Cesar Santos Fontenla
If, in a way, Cría cuervos was the culmination of the line taken by Saura in Peppermint frappé, and Elisa, vida mía constituted a kind of questioning on the author's part of his own work and personality, Los ojos vendados indicates a new point of departure. Saura, still true to himself but having exorcised his ghosts, freed from the need to resort to a symbolism that to some seemed excessively obvious and to others unduly cryptic, confronts in a spirit of inquiry the problems of post-Franco Spain through characters who throw themselves desperately into the search for their own identity. Torture, "white terrorism," the struggle to find a reason for living—or dying—and to pass from the condition of spectator to that of participant are, among others, the themes Saura lays on the table, in a game at once relentless and tender, in which "theatre" in its strictest sense and the "theatre" in which the characters indulge when they lie to themselves and to others, is a decisive factor….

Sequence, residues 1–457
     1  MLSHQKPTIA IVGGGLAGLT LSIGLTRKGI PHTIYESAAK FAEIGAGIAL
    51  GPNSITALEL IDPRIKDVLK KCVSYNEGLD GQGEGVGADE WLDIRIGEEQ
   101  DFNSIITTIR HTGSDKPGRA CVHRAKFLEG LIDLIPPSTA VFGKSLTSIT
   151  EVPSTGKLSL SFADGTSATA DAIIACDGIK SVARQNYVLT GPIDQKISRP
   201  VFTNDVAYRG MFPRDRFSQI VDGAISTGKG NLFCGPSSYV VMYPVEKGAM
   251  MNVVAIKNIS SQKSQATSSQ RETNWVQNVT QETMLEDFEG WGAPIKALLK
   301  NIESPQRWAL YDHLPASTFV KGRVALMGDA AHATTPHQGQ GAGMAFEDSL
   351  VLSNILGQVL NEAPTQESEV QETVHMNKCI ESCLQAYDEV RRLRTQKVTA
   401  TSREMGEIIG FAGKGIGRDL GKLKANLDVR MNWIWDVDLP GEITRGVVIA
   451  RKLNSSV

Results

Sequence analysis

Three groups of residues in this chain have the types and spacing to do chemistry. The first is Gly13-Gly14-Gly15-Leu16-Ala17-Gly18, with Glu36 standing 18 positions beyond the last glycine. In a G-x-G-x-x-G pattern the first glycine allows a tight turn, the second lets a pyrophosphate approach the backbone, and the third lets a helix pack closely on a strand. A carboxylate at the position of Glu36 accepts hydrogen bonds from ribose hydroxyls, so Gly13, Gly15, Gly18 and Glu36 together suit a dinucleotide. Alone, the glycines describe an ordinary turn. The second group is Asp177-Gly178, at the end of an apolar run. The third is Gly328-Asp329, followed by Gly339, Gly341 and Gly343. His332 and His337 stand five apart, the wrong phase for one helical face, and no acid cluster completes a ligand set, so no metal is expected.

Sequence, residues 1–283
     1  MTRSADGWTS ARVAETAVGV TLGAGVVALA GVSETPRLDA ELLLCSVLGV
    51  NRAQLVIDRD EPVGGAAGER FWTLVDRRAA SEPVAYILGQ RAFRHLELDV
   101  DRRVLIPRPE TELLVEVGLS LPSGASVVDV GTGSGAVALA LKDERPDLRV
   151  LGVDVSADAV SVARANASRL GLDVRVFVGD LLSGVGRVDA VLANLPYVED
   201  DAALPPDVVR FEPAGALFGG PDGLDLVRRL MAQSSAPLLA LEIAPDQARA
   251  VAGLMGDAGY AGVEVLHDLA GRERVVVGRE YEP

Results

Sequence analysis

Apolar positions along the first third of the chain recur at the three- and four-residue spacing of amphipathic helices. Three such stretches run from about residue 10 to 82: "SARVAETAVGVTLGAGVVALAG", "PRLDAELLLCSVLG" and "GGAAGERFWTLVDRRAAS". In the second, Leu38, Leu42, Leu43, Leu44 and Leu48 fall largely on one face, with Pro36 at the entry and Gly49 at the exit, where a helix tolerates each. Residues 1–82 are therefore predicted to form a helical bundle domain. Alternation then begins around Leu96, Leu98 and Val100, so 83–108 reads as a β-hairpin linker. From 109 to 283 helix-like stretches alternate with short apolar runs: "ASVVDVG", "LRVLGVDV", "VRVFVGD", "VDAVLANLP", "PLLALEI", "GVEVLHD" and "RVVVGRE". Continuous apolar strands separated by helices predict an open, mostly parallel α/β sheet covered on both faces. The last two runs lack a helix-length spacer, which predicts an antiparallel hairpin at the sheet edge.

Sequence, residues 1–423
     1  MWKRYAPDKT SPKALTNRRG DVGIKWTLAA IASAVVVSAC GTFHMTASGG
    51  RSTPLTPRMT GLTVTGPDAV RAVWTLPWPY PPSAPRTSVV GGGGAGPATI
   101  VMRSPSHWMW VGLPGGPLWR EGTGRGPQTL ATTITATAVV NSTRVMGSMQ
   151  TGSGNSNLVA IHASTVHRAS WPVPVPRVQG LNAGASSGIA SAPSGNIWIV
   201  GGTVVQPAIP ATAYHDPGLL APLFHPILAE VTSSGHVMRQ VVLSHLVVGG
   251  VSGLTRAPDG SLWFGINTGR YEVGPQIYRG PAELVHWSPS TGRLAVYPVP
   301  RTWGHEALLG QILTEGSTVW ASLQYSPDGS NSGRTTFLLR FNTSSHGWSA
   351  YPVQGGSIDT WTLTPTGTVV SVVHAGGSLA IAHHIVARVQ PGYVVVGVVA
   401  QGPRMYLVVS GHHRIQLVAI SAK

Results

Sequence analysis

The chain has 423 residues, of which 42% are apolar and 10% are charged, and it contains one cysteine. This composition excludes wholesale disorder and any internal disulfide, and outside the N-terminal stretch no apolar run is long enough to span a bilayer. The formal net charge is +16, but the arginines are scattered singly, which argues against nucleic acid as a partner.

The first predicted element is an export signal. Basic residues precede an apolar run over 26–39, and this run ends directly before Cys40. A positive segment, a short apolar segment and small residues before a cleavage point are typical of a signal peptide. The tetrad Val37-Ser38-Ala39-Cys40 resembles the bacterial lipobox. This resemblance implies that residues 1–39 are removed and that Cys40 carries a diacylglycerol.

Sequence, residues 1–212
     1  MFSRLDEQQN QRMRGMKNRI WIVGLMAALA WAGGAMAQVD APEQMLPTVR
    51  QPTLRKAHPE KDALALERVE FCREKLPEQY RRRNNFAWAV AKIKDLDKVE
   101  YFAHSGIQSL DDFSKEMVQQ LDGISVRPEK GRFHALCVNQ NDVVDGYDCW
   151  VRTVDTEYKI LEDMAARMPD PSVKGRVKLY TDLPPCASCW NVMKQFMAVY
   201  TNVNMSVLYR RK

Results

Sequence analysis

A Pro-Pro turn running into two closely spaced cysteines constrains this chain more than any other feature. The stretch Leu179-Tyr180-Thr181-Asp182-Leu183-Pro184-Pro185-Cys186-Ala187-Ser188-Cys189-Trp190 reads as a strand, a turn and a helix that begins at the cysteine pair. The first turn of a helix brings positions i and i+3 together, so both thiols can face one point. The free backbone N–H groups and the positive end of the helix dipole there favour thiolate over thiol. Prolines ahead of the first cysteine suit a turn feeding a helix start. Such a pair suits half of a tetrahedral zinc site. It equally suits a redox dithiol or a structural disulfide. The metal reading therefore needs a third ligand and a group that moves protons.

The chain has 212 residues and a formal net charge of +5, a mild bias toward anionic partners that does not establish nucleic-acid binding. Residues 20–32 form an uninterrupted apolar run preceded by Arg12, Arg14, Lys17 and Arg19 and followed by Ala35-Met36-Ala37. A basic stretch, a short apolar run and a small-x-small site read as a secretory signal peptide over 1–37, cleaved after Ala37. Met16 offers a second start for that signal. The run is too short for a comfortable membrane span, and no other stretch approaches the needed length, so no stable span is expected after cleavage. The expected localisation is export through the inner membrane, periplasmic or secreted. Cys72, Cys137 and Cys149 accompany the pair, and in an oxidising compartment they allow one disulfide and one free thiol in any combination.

[Between the] beginning and end there is a story of love and re-encounter with an "ego" that is multiple and assumed in different degrees. There is also a great deal of autobiography, self-criticism and self-quotation, all done with clarity. A personal and a political film, Los ojos vendados is perhaps the first work in which Saura looks firmly not at the past, nor even the present, but at the future, a future which is of today, tomorrow and the day after tomorrow.
Cesar Santos Fontenla, "'Los ojos vendados' ('Blindfold')," in International Film Guide 1979, edited by Peter Cowie (copyright © 1978 by Thomas Yoseloff Ltd.), The Tantivy Press, 1979, p. 294.